No matter what your performance area, spending time in the trusting mindset can be a welcome relief from our tendency to be overly critical and caught up in our own heads. Give yourself time to enjoy performing the skills you have developed. It will result in more effective and consistent performances while fostering confidence and motivation.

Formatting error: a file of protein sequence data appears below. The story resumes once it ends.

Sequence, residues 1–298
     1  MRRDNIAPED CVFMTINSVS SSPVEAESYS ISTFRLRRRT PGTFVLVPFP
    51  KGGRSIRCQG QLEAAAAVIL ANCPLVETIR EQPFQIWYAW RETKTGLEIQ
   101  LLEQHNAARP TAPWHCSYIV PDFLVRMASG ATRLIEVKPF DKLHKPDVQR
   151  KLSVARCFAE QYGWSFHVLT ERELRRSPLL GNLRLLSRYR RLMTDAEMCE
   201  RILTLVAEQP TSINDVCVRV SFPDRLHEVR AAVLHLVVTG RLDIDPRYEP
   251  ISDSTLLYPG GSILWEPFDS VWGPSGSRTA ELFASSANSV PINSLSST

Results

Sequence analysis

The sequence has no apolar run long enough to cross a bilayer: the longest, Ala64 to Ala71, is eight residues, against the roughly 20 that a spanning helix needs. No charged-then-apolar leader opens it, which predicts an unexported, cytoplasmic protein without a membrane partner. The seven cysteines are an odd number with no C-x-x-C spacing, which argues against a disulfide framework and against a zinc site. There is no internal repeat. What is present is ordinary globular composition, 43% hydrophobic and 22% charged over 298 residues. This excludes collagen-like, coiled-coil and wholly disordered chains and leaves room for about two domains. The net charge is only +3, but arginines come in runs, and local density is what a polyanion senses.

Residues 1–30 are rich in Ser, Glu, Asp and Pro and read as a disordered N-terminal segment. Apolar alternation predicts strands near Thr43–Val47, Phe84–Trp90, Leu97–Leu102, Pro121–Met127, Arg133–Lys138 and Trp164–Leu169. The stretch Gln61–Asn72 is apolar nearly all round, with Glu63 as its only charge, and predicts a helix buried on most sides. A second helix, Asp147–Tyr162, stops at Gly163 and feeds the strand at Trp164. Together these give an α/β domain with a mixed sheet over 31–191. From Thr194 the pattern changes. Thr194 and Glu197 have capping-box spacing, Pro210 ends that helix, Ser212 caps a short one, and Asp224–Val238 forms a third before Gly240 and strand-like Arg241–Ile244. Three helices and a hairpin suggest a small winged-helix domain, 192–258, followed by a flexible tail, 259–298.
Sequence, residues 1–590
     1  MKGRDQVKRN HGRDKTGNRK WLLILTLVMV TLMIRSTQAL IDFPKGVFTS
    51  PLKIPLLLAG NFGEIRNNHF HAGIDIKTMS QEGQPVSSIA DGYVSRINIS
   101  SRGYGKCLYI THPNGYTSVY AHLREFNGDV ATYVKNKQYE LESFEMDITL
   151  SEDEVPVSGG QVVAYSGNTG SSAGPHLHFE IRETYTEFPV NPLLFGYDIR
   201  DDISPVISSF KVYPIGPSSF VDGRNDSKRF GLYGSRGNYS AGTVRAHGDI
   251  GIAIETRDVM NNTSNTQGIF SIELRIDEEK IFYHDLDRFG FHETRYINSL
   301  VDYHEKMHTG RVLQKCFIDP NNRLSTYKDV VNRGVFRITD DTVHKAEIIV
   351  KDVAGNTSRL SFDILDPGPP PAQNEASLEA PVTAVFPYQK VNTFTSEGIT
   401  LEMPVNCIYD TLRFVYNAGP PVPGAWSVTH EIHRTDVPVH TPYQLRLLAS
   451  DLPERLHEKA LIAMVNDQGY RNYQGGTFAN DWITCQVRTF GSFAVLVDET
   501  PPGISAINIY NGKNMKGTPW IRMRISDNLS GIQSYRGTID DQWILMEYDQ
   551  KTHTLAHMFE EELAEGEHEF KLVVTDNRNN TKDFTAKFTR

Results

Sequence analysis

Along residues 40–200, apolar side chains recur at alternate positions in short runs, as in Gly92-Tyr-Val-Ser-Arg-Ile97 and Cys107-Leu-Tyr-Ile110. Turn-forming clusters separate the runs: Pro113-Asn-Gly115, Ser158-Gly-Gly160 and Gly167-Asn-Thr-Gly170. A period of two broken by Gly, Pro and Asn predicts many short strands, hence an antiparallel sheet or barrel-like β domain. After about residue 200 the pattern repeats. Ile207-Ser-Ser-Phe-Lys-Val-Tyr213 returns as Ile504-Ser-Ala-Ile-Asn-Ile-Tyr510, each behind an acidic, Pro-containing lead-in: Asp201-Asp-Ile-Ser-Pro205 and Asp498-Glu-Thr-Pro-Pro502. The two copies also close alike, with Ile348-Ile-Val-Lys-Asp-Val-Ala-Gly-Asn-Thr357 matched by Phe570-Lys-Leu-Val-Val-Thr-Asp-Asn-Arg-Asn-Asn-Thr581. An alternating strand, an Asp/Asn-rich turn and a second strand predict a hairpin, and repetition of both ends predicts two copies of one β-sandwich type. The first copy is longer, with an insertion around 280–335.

Trust is perhaps the most simple and straightforward aspect of Mental FITness, yet in many ways it is the most difficult and elusive to achieve. In the context of performance excellence necessitating complex, automatic motor skills, Moore and Stevenson (1991) defined trust as, “letting go of conscious controlling tendencies and allowing automatic processes, which have been developed through training, to execute the motor skill” (p. 282). While Moore and Stevenson provided us with a modern operationalization of trust, the concept has been around for quite some time. Suzuki (2010) translated and preserved a letter written by Takuan (no date is given for the letter, but Takuan lived from 1573-1645) that read in part, “when the ultimate perfection is attained, the body and limbs perform by themselves what is assigned to them to do with no interference from the mind. [The technical skill is so autonomized it is completely divorced from conscious efforts.]” (p. 100). Takuan was abbot of a Zen Buddhist temple and was writing about swordsmanship; therefore, his words poignantly capture the concept of trust given the truly life or death nature of the topic of his letter.